The Swiss army plans to drop the number of its soldiers keeping watch over diplomatic representations if parliament accepts a new project.This content was published on June 11, 2007 - 21:45
Non-professional soldiers on regular refresher courses and recruits will no longer guard embassies and consulates after 2012, but the armed forces will provide more specialist troops for these duties and police will be increased.
The government's aim is to reduce the number of soldiers used in support missions for the civilian authorities. The defence ministry has drawn up a new project based on past experience with the help of the cantons, who are responsible for most police duties.
The proposal calls for a maximum of 245 military security specialists to be on duty for diplomatic missions, compared with 1,090 today. Only 125 members of the armed forces would be used for embassy protection, whereas today that figure stands at 800.
The number of police keeping watch over foreign missions should increase at the same time, rising from 120 to 206 according to the cantons responsible for these security measures.
The army's mission will not change though said Defence Minister Samuel Schmid on Monday. Military personnel will continue to support the civilian authorities on security issues, he added.
The armed forces will continue to play a secondary role according to the project, which answers criticism over the use of non-professional soldiers and recruits to guard embassies and consulates.
For the army, the quality of the specialists deployed in the future will compensate the lower number of soldiers on the ground.
Both Schmid and the vice-president of the cantonal police ministers' conference, Karine Keller-Sutter, agreed that even if the current number of people guarding embassies is cut in half, security levels would be maintained.
In financial terms, the government expects to save around SFr8 million ($6.45 million) per year despite increasing the indemnities paid to the cantons for these security duties by up to 90 per cent, or another SFr12 million.
The project has been welcomed in most quarters.
The Swiss federation of police employees said that it had warned on a number of occasions that the population could end up considering the army and the police as a single security force.
Its president, Heinz Buttauer, said that the SFr12 million in extra funding for the cantons should be used to hire new personnel and provide extra training for embassy protection.
In the capital Bern, where the most foreign representations can be found, local police spokesman Franz Märki said embassy protection would be improved, adding that collaboration with army had been difficult until now because of soldiers' different levels of training.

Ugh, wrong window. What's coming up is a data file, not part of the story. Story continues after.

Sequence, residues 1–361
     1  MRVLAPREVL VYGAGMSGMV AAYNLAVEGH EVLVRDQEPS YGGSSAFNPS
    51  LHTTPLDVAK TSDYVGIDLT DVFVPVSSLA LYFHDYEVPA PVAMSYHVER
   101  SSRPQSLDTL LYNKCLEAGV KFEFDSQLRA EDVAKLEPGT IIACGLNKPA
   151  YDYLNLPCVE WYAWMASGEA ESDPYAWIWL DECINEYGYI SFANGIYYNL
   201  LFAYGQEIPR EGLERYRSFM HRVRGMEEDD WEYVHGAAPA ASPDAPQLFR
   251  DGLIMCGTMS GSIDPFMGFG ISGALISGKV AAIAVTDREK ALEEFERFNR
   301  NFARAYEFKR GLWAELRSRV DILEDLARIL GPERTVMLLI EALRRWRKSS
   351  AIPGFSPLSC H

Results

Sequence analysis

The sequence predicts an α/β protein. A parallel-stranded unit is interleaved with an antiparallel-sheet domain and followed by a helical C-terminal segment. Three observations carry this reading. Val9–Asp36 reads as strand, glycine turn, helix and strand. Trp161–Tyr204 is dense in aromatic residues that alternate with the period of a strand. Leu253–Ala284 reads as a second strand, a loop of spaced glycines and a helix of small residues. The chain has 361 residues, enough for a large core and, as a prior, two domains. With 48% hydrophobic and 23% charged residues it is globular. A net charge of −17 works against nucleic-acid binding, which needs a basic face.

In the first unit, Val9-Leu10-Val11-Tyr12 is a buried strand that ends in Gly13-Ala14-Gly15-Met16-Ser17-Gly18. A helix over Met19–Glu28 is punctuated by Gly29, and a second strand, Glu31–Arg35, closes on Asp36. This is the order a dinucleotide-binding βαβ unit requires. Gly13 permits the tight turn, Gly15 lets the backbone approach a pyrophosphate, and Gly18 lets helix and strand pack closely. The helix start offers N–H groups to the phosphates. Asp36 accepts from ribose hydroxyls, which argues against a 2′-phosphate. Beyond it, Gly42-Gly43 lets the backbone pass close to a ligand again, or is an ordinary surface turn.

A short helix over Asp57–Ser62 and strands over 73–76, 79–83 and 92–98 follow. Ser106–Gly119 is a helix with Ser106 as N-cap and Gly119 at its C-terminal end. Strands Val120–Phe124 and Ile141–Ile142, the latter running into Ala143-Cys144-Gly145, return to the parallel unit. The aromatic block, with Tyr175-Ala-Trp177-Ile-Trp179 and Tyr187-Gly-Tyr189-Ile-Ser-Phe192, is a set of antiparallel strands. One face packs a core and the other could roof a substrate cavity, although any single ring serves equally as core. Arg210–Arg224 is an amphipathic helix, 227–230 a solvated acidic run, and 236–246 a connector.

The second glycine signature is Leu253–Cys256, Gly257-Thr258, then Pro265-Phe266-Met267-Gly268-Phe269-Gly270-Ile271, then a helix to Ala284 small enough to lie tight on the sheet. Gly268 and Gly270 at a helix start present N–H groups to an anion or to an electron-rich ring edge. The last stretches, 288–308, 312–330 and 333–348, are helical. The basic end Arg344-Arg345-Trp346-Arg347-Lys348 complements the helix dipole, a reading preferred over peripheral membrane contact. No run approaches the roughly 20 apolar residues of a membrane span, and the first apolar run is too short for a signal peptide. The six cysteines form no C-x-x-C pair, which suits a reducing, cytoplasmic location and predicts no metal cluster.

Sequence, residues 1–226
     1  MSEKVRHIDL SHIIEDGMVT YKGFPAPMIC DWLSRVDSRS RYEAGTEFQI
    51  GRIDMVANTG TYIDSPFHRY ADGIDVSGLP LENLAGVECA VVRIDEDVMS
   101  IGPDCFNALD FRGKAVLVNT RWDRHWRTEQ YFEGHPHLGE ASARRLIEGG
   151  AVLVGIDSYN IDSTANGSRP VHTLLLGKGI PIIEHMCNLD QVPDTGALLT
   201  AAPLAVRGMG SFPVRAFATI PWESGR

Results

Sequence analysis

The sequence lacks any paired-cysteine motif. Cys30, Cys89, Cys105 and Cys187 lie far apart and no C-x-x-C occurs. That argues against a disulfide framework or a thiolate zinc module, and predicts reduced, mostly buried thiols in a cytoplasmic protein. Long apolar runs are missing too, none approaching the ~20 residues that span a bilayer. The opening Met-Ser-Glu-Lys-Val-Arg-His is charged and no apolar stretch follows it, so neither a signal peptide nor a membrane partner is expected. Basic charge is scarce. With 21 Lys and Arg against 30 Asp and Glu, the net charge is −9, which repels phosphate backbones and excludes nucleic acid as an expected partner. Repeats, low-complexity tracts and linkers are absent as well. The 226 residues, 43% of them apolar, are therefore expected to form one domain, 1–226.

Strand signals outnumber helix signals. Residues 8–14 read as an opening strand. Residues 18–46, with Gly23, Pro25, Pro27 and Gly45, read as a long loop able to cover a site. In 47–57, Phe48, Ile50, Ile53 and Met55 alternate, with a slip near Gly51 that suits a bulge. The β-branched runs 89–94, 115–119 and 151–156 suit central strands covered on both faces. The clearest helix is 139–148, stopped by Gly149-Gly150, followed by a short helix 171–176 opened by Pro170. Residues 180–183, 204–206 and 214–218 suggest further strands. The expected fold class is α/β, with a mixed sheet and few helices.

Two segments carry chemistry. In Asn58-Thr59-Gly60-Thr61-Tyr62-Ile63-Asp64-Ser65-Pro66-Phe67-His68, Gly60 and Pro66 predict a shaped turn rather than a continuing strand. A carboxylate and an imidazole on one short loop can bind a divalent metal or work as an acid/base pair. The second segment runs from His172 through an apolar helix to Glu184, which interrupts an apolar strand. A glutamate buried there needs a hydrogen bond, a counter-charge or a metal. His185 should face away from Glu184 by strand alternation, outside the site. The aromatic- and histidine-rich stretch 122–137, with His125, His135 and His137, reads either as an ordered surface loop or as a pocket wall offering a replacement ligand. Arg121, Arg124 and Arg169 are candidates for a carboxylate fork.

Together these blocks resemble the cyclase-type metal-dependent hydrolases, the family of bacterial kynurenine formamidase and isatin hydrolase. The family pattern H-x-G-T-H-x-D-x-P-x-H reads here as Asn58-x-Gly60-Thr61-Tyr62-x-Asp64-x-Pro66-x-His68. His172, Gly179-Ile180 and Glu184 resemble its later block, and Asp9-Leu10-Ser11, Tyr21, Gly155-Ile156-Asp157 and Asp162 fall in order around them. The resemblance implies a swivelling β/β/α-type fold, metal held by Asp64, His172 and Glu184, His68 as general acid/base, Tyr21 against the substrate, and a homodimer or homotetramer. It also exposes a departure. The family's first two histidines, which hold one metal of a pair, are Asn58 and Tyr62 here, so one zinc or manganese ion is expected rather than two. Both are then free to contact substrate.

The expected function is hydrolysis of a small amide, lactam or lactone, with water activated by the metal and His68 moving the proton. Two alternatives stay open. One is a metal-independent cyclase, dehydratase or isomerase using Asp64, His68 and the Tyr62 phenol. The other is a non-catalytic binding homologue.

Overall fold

In Geneva, home of the United Nations' European headquarters and a number of international organisations, the cantonal government refused to comment the project ahead of a meeting with the federal authorities later this week.
The Group for Switzerland without an Army, the country's most vocal anti-military movement, said it was satisfied with the government proposal, but added that it still considered that the armed forces should not get involved in domestic security.
swissinfo with agencies
The issue over whether the army should be used for security missions in Switzerland has been controversial and met with plenty of opposition. Most security duties are handled by the cantons.
The federal authorities' security mandate is limited mainly to terrorism, money laundering and cybercrime, tasks usually handled by the federal police. There is no federal police corps with uniformed officers and talks to create one have never got off the ground.
The Swiss authorities have one group of uniformed security specialists, the border guards who come under the responsibility of the finance ministry.
Defence Minister Samuel Schmid has called in the past for the creation of a security ministry that would take over all security duties at the federal level, but he has never found the necessary support from his cabinet colleagues. Justice Minister Christoph Blocher has openly opposed the idea.
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